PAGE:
With the advent of the Ducati Monster 1200, it was only a matter of time before Ducati’s middleweight liquid-cooled “Monster 800″ would be spotted, and unsurprisingly the machines have a great deal in common. The one big difference seems to be that the 821cc Monster gets a double-sided swingarm, which has become Ducati’s new way of differentiating between its big and medium displacement models of the same machine, see entry for Ducati 899 Panigale. With the spied Ducati Monster 800 looking ready for primetime, and a pre-fall launch isn’t out of the question. Giving us an excellent glimpse into what the Ducati Monster 800 would look like, Luca Bar has again used his Photoshop skills to render up images of the still unreleased “baby” Monster.

Photos of the Mugen Shinden Ni sans Fairings

Given the competitive nature of the electric racing realm, its rare to see the big high-power bikes without their fairings, as teams are reluctant to reveal their secret sauce. Debuting the Mugen Shinden San this past weekend in Tokyo though, Team Mugen did just that, giving us a glimpse into the inner workings of the team’s 2013 race bike, the Mugen Shinden Ni. You don’t have to be an electron-head to get excited by these photos, as any race bike with a carbon fiber frame and swingarm is pretty drool-worthy, though the Shinden Ni’s carbon fiber battery enclosure does hide a great deal of the electric superbike’s geek factor. While the sheer size of the battery bike is impressive, it was expected when the Shinden was first announced.

Mugen Shinden San (神電 参) Electric Superbike Revealed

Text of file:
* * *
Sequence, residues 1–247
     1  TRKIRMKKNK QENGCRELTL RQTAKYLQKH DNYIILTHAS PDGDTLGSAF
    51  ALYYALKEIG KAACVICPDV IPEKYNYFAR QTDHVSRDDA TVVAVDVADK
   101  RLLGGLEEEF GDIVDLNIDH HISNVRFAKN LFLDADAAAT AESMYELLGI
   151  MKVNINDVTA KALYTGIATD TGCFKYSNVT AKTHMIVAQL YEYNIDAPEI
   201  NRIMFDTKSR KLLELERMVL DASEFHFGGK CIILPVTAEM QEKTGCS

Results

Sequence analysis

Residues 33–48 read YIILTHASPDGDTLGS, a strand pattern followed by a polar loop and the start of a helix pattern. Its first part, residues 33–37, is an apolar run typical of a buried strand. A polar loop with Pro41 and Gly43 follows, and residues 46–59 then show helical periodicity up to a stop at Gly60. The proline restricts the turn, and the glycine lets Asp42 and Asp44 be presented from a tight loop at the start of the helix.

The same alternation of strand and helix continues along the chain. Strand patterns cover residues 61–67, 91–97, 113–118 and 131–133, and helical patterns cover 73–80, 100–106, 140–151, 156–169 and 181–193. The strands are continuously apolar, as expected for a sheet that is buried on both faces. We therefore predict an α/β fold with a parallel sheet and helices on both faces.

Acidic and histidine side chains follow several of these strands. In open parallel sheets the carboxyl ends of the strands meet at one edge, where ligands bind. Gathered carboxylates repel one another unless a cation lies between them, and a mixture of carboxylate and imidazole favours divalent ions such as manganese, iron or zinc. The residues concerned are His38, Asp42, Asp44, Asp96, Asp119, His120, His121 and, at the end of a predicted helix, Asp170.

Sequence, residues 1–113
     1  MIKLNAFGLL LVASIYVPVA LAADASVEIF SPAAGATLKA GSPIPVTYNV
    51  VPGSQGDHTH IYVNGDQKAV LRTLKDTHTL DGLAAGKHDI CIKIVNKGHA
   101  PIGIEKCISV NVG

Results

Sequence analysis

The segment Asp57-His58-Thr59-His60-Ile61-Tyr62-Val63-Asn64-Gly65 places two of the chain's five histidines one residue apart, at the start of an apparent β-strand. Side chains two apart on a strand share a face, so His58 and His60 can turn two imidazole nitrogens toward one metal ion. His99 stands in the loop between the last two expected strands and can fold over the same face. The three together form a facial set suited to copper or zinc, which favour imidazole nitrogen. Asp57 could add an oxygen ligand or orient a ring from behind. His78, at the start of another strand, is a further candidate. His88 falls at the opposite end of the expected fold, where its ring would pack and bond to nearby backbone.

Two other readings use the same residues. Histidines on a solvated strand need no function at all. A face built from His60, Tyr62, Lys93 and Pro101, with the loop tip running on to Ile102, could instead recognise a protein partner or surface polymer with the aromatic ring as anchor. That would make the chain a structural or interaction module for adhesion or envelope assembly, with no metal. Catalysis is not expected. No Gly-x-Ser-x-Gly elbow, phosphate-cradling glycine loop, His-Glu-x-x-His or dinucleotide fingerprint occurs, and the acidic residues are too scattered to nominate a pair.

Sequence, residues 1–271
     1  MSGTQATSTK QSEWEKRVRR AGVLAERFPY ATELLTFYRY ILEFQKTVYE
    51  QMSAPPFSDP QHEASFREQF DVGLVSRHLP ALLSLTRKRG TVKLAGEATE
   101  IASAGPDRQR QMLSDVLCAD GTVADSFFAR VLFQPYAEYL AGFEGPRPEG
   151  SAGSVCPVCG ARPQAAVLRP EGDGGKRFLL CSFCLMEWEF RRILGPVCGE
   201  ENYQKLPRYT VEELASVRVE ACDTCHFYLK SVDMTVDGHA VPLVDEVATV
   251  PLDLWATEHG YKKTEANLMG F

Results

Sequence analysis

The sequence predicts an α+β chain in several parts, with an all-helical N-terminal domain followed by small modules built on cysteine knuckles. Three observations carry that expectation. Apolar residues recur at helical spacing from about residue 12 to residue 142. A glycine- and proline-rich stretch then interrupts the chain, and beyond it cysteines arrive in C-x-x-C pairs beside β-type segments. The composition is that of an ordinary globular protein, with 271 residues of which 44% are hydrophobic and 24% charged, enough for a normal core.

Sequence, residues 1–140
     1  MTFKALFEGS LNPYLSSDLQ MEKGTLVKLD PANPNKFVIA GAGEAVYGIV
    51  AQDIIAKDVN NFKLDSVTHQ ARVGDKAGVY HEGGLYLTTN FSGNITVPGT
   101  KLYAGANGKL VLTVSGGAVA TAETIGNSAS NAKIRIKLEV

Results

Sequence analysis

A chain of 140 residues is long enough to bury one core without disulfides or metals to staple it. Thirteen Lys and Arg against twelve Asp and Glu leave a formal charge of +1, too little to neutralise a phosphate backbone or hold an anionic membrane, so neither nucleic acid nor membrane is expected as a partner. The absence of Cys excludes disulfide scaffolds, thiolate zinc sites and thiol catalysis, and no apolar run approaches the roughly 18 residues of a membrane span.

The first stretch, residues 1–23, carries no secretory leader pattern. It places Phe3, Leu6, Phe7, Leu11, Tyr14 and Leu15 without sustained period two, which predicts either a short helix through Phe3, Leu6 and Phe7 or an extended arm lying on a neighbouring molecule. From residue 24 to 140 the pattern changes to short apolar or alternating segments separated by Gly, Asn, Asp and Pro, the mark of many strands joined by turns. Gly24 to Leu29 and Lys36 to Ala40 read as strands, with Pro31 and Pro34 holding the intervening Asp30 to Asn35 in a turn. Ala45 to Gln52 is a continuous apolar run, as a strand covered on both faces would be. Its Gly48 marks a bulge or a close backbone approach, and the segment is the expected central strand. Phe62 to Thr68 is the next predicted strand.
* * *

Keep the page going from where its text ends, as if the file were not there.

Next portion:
Mugen’s third purpose-built electric superbike for the Isle of Man TT, the Mugen Shinden San, has been revealed in Japan. Campaigning two machines for this year’s TT Zero race, Mugen has John McGuiness and Bruce Anstey at the helm of its “Shinden San” bikes, as the duo looks for a one-two finish in this year’s race. With MotoCzysz not racing at the Isle of Man this year, Mugen is a hot favorite to take the top podium spots, as well as crack the 110 mph barrier for electrics on the historic Snaefell Mountain Course (Mugen is targeting a 115 mph lap). An evolution on the company’s previous designs, the Shinden San fits 134hp — 10hp more than last year, thanks to a new smaller three-phase brushless motor provided by Mission Motors — into its 529lbs bulk.

Trackside Tuesday: The Winning Personality of Jack Miller

Chatting with a couple of NASCAR fans recently, I was reminded that any competition is boring if you don’t care who wins. But if you do care, then even cars driving around in circles can be very compelling entertainment. Those NASCAR fans really cared about how their favorite drivers finished, and not only how they finished in the latest race, but what and how those drivers were doing off the track as well. Those fans had been captured by the personalities of those drivers. One of the things NASCAR does well is sell personalities. All major sports-related businesses do this to some extent, but some organizations do it better than others.

Living the Dream – A Photographer’s Story: Qatar